This leads us to question how to deal with the accumulation of digital traces and their use for diverse purposes by different actors. Moreover, it takes us to question their availability, accessibility, security, and preservation. What happens to our traces? Are they saved and accessible anytime? Who owns them? Are they private or public? Could we delete some and keep others? Is Internet a universal memory? Digital traceability pushes us to question the memory and its characteristics in the digital era.
We will write together to participate and to build a digital memory that has its own properties and conditions, its governance, its rules and purpose; a network based memory connecting non-homogeneous memories and creating a digital community which brings together collective works that their authors / participants believe their contributions matter, and feel some degree of social connection with one another.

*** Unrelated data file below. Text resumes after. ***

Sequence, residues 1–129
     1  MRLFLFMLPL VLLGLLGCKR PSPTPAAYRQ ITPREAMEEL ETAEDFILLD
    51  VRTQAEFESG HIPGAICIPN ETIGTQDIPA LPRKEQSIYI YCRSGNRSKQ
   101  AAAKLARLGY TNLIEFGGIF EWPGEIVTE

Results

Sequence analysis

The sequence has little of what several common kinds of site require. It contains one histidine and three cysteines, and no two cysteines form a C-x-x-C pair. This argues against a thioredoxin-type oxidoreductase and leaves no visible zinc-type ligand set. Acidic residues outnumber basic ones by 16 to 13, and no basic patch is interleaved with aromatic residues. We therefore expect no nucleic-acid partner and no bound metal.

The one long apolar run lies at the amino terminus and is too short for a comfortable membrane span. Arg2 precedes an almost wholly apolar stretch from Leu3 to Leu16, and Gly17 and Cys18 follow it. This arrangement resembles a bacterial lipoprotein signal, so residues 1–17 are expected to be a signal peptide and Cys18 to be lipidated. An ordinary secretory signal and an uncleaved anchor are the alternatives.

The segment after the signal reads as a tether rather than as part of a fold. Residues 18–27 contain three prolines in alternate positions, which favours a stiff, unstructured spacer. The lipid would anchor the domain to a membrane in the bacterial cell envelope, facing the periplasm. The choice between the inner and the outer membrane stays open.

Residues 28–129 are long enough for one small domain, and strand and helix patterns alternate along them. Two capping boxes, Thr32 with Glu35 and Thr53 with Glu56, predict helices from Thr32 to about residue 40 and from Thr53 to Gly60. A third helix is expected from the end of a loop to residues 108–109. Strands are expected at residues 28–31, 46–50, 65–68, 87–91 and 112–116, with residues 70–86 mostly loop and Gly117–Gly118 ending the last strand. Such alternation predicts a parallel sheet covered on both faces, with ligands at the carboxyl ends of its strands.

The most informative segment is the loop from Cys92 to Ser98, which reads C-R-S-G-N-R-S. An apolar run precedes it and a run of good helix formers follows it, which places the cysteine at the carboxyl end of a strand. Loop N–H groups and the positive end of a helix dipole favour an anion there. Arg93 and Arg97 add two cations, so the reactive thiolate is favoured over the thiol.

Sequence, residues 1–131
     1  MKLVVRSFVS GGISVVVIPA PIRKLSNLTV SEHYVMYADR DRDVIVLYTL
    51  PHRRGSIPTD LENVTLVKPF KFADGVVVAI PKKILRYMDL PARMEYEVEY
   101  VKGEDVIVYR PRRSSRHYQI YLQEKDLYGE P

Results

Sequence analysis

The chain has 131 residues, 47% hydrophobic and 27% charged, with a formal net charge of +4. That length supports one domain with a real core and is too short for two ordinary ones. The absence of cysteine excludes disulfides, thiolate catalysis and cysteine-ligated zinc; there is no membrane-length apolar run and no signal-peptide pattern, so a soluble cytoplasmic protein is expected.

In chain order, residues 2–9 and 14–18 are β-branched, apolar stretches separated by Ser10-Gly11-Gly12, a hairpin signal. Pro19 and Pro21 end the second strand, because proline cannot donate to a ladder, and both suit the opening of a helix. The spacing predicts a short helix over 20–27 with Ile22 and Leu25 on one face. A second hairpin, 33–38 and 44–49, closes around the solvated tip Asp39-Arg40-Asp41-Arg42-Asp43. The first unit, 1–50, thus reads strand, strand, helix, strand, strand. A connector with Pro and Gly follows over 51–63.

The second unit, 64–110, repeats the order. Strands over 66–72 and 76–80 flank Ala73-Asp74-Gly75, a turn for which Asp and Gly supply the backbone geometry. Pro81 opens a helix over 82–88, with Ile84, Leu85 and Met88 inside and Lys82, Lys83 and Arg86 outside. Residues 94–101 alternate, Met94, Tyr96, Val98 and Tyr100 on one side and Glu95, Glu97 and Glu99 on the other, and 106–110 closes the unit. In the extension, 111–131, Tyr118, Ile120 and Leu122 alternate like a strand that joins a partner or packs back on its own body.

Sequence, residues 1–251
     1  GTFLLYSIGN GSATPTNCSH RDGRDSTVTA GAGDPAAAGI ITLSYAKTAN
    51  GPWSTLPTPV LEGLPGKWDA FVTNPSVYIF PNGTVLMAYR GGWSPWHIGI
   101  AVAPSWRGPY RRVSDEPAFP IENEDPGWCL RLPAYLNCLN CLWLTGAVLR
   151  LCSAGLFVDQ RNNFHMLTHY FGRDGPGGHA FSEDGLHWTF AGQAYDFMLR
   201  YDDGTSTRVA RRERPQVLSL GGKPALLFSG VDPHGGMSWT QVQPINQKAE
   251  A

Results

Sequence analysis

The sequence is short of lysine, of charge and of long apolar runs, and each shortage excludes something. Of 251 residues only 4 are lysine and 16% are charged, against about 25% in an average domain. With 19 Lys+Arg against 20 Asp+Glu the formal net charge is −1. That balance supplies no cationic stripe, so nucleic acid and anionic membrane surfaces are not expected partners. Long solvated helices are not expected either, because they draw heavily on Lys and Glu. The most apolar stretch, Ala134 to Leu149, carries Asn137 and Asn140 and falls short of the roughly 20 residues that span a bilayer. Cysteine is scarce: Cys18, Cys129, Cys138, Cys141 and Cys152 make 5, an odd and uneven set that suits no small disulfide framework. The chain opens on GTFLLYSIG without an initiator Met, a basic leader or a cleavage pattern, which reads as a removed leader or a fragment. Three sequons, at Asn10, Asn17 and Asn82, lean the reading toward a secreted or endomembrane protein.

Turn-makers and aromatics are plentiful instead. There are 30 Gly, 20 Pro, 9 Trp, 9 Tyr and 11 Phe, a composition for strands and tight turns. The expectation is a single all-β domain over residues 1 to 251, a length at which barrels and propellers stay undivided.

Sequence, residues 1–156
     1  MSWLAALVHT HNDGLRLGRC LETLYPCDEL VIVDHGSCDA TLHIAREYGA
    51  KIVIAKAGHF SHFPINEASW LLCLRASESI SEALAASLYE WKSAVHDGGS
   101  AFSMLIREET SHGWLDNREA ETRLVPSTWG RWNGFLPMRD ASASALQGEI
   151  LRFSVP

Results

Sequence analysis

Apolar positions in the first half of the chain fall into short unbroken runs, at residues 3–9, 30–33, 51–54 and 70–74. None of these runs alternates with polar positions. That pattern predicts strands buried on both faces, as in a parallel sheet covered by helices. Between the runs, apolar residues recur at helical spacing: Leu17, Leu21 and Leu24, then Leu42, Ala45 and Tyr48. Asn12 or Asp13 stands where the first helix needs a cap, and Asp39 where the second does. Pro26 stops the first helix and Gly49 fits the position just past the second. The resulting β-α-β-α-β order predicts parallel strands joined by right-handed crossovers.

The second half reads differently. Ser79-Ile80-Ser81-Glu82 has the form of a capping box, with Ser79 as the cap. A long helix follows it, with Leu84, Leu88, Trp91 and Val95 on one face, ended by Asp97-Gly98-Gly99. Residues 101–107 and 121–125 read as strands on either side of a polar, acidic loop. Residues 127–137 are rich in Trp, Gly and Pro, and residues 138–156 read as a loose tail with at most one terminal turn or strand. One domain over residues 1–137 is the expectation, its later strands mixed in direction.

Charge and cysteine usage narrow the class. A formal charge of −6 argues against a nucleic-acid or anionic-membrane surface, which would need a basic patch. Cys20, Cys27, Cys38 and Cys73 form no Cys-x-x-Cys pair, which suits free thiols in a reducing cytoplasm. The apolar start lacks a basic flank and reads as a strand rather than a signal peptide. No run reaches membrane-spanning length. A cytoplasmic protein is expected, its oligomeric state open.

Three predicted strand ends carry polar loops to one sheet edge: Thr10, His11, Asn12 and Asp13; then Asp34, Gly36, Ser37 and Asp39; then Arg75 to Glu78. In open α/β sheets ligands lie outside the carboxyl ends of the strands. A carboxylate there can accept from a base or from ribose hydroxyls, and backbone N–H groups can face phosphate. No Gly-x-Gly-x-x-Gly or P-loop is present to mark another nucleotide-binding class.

And as Henry Jenkins (2006) says: “Not every member must contribute, but all must believe they are free to contribute when ready and that what they contribute will be appropriately valued”. Thank you for your appreciated participation and let’s write together.
How do we define participation during a pandemic? Are we in an era that requires reinventing our physical space and our modes of participation to build a new society? The novel coronavirus has deconstructed social space as we know it, and significantly disrupted our participation in its spheres. Today we are witnessing new forms of space, in the light of the ongoing pandemic and its impact on our participation, physical space and digital culture. This article demonstrates changes that occur in the physical and connected spaces that form our “new virtual urbanism” (Doueihi, 2011). It describes participation practices in natural parks in Geneva-Switzerland and Pays de Gex-France, distinguishing three types of spaces: the pre-pandemic space, the confinement space and the deconfinement space. It shows how socio-cultural practices changed in relation to the configuration of the space and the use of digital technology. Will we need to reinvent our space to encourage participation? The answer lies perhaps in considering the development of our digital traces and harvesting them in organized projects with rules, purpose, administration, management and governance. In this sense, digital participation becomes full and efficient when it relies on the process of building a memory and includes those who find themselves excluded from this new world.